Western Union alum starts digital bank for low-income Americans
Rellevate, a startup founded by former Western Union executive Stewart Stockdale, is forming a digital bank designed for people who make $10 to $25 per hour and live paycheck to paycheck.
A growing number of new companies are focused on this underserved market. Even, Digit, Tally, Earnin and other fintech startups all aim to help hourly workers cope with fluctuating incomes and cash flow problems that often lead to bank overdraft fees or costly trips to payday lenders.
Rellevate has a team of financial services veterans, partnerships with Visa and a bank it has yet to name publicly, as well as international payments capability. On Monday, it is announcing that it will use core processing software from Technisys. Rellevate will offer a debit card, payday advances, bill pay and international payments that will be sold as a package through employers. It plans to go live at the end of the first quarter.
Mark Parsells, a Rellevate investor who is founder and managing general partner at Montpelier Ventures, said he has known Stockdale for years and has long been interested in financial inclusion. Parsells said he liked the idea of offering people more affordable alternatives to payday loans.
“This is making banking services available to people who otherwise would not have access,” said Parsells, who was also an online banking executive at Citigroup. “That's really what attracted me to this.”
Stockdale has worked at American Express, Mastercard, Conseco and Simon Property Group (a mall operator that issues gift cards). He was president of consumer financial services at Western Union; he ran the money transfer and payments businesses for the whole company. He was also CEO of J.G. Wentworth, which provides a factoring service of sorts for lower-income people.
“I've been in and around money movement and that middle-market segment for a long time, and I've seen how average Americans deal with banking, how banks view this population, and what are the different vehicles that they have today to move money and access money,” said Stockdale, who is chairman and CEO of Rellevate. “I've worked with payday lenders, check cashers and money transmitters, and the common denominator for those three are onerous fees.”
The people at the bottom of the financial pyramid pay the most, because they are considered more expensive and higher risk, he said.
Stockdale recruited some former colleagues and started building a digital framework around moving and accessing money, including money a person has earned but has not yet been paid.
They forged a partnership with Visa for a debit card and processing of the card. They also partnered with a bank whose name they cannot yet disclose. The bank partner will hold the funds in federally insured accounts.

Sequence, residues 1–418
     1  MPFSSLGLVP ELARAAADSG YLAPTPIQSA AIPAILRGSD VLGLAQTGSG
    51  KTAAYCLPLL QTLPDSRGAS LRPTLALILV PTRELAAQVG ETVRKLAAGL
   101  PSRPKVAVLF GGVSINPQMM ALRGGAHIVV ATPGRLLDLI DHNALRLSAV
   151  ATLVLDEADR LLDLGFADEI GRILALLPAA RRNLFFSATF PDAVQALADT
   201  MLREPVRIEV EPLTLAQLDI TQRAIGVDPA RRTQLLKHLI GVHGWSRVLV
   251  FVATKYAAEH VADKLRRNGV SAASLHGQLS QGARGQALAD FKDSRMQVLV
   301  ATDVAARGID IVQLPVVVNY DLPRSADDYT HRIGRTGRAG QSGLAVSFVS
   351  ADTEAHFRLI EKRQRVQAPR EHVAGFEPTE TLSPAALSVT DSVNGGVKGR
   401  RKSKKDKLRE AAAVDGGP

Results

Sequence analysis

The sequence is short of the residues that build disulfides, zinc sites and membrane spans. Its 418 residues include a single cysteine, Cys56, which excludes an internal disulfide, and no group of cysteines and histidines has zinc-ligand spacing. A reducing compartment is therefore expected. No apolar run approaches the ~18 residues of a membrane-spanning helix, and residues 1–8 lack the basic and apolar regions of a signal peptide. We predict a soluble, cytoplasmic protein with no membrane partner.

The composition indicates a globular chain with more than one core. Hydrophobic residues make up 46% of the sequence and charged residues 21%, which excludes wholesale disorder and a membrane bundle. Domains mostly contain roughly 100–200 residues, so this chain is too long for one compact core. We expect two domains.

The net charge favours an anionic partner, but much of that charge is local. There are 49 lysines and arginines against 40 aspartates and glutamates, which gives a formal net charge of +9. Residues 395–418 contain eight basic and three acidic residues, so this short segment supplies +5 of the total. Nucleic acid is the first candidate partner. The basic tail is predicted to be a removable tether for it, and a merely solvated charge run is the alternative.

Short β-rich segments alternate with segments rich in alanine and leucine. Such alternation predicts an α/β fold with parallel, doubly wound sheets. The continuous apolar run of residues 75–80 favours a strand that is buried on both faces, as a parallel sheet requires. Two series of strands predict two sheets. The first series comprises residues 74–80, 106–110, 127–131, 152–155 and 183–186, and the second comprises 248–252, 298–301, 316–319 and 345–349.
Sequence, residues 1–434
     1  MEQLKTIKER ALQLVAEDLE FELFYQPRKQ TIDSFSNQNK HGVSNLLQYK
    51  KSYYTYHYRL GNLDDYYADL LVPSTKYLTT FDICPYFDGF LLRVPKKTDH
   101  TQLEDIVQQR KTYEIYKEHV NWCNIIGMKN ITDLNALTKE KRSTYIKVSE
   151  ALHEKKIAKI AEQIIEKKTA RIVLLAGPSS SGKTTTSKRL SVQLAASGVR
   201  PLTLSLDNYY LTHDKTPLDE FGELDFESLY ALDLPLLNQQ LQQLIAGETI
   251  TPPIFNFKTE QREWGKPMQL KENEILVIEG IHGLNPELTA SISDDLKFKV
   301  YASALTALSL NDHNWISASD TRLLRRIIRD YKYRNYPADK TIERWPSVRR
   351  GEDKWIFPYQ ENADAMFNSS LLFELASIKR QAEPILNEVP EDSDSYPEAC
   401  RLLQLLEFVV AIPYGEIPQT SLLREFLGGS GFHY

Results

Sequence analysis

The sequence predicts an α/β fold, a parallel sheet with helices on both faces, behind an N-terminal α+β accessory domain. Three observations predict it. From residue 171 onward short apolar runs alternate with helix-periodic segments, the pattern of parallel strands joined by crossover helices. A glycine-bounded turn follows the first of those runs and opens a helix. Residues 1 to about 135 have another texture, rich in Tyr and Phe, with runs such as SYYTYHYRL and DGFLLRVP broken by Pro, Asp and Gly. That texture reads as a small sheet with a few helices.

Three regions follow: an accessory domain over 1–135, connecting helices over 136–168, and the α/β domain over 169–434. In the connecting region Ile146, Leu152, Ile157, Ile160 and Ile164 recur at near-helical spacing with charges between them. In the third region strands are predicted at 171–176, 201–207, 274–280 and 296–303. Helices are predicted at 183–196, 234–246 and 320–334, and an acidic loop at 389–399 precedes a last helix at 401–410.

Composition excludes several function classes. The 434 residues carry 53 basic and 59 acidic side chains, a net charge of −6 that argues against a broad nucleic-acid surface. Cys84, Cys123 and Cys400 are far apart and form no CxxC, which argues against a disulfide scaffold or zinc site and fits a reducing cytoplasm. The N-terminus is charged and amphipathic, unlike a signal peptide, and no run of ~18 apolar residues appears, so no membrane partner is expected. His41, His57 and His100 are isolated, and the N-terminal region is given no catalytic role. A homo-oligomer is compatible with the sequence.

There will be a real-time bill payment service, so users do not have to worry about whether their utilities are going to be shut off.
The international money transfers let immigrants send money home without paying high fees.
Customer service will be provided through an outsourced call center.
Going through employers
A team of eight salespeople is pitching Rellevate's services to employers. The idea is that offering them to workers could help reduce turnover, improve job satisfaction and save companies from having to provide payday advances as many do today.
Employers will give Rellevate time, attendance and wage data that it will use to let people borrow small amounts like $50 or $100 against their next paycheck. In this respect, Rellevate competes with other providers of early wage access including Earnin, Even, PayActive and DailyPay.
This ability to borrow against their own future paycheck can help employees manage small gaps in their cash flow.
“If you're at the grocery store and you go swipe your card and it says denied because of insufficient funds, we will send you a text immediately asking if you want to access your earned wages, and we'll transfer those instantaneously to you right then and there,” Stockdale said. The funds will be immediately available on the debit card.
Users can use these pay advances four times a month without charge except for the overall $9.99 monthly subscription fee for the account, which employers may subsidize.
Payday advances are controversial for the fees some companies charge and for the idea that they help keep people living beyond their means.
Stockdale argues that once a consumer earns money, it is legally theirs. And education is important, he said.
Technisys is one of a newer round of core banking software providers that run in the cloud. Others include Temenos, Nymbus, Finxact and Infosys.
“Banks are facing these huge transformations, mainly because customers have changed their behaviors and they want to save seamlessly, keep their money seamlessly and make payments in a human, easy and seamless way,” said German Pugliese Bassi, founder of Technisys. “Banks now need a flexible, open platform that can work within ecosystems where there is more than one vendor building all the capabilities.”
Technisys’s software is cloud-based, uses application programming interfaces and is flexible enough to handle changes in days or weeks, he said.
The company already has three U.S. bank clients, Pugliese Bassi said.
He said he expects Rellevate to be up and running in about 12 weeks.